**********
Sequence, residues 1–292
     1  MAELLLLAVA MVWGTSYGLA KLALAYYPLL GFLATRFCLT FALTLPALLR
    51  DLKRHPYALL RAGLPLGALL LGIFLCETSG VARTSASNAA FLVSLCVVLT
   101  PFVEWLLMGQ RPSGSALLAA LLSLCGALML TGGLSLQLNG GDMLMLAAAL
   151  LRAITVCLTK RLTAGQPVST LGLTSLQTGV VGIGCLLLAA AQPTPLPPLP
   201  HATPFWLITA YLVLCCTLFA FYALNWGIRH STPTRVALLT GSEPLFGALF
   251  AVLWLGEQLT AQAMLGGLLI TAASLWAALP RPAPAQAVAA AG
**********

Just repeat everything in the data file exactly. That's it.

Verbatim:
Sequence, residues 1–292
     1  MAELLLLAVA MVWGTSYGLA KLALAYYPLL GFLATRFCLT FALTLPALLR
    51  DLKRHPYALL RAGLPLGALL LGIFLCETSG VARTSASNAA FLVSLCVVLT
   101  PFVEWLLMGQ RPSGSALLAA LLSLCGALML TGGLSLQLNG GDMLMLAAAL
   151  LRAITVCLTK RLTAGQPVST LGLTSLQTGV VGIGCLLLAA AQPTPLPPLP
   201  HATPFWLITA YLVLCCTLFA FYALNWGIRH STPTRVALLT GSEPLFGALF
   251  AVLWLGEQLT AQAMLGGLLI TAASLWAALP RPAPAQAVAA AG